Build a login form with React

#Before you begin

  • Sign up for a Userfront account
  • In your Userfront Dashboard, note your workspace ID: this appears under the workspace name on your Overview page, and looks something like 123abc4d

In this section, we create a custom login form with email/username and password that includes:

#Example: custom login form with React

You can clone the example login form on CodePen and make edits, or follow along below.

The example form has the Userfront Core JS library added to the document, as described in the next section.

#Add the Userfront Core JS library

You can add the Userfront Core JS library by CDN or using npm.



Then import the library into your file(s):

#Set up the form

Create your login form with the elements you want to use.

In this case, we've added:

  • emailOrUsername - the user's email address or username
  • password - required for login with password

#Login form React code


Here we set up our state variables with emailOrUsername and password.

We also bind our functions so that this.setState will update the state variables.


Whenever an input changes value, this function will set the corresponding state variable.


When the form is submitted, this function will call Userfront.login() with the current emailOrUsername and password.


Adds the login form with 2 inputs and a button, and connects them to the handleInputChange() and handleSubmit() functions.

#Email or username field

For login, you can use the emailOrUsername field, which will accept both email and username.

If you want email only, or username only, you can use the email or username attributes instead of emailOrUsername.

#Error handling

Whenever the Userfront.login() method fails, we can catch its error in the promise chain.

This error contains a message property with what went wrong.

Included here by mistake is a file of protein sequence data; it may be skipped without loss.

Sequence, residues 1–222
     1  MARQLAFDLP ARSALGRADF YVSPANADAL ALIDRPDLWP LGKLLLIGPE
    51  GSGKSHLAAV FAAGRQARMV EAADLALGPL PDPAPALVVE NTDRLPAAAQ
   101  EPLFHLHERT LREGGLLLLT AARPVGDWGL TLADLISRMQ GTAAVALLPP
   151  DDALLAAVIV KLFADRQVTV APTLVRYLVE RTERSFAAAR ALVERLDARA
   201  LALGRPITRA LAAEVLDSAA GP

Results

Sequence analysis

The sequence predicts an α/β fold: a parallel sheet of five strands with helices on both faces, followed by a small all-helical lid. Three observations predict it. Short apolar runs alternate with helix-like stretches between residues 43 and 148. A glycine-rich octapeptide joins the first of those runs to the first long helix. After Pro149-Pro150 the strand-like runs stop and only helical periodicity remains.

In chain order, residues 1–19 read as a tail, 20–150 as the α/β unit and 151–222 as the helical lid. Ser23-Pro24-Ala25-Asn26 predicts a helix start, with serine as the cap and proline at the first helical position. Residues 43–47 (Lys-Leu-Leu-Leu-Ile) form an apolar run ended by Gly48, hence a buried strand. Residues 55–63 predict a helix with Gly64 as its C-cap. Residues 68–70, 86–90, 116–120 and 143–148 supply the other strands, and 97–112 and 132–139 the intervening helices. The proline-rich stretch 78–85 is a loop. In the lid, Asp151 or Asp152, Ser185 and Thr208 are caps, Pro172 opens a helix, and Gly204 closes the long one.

In this example, we use an <Alert /> component to display the error message.

#Alert message

Our login form can use this component by including an alertMessage variable in the state, and then setting it whenever we want to update the message.

Now the handleSubmit() method clears the alert message whenever the button is clicked. Then if there is an error with Userfront.login(), it catches the error and displays the error message.

The alert component is rendered above the form as:

#Single sign-on

To configure Single sign-on (SSO), first add the provider you want to use in the Userfront dashboard in the SSO tab.

In this example, we add an <SSOButton /> component to allow login with Google.

Ultimately, we need to call Userfront.login({ method: "google" }) whenever the button is clicked. You can style the button however you like.

You can find more provider options like GitHub, LinkedIn, and Facebook in the docs for login().

#Rendering the SSO button

To render the <SSOButton /> component into the login form, we can add it below the <form> element.

#Login after redirect

Once the browser is redirected back to your login page after SSO approval, your application should call

Userfront.login({ method: "link" })

You can set up your JS to call this method automatically by checking whether the URL contains the token and uuid parameters.

If your original SSO signup call contained a redirect parameter, it will be included in the URL and followed automatically.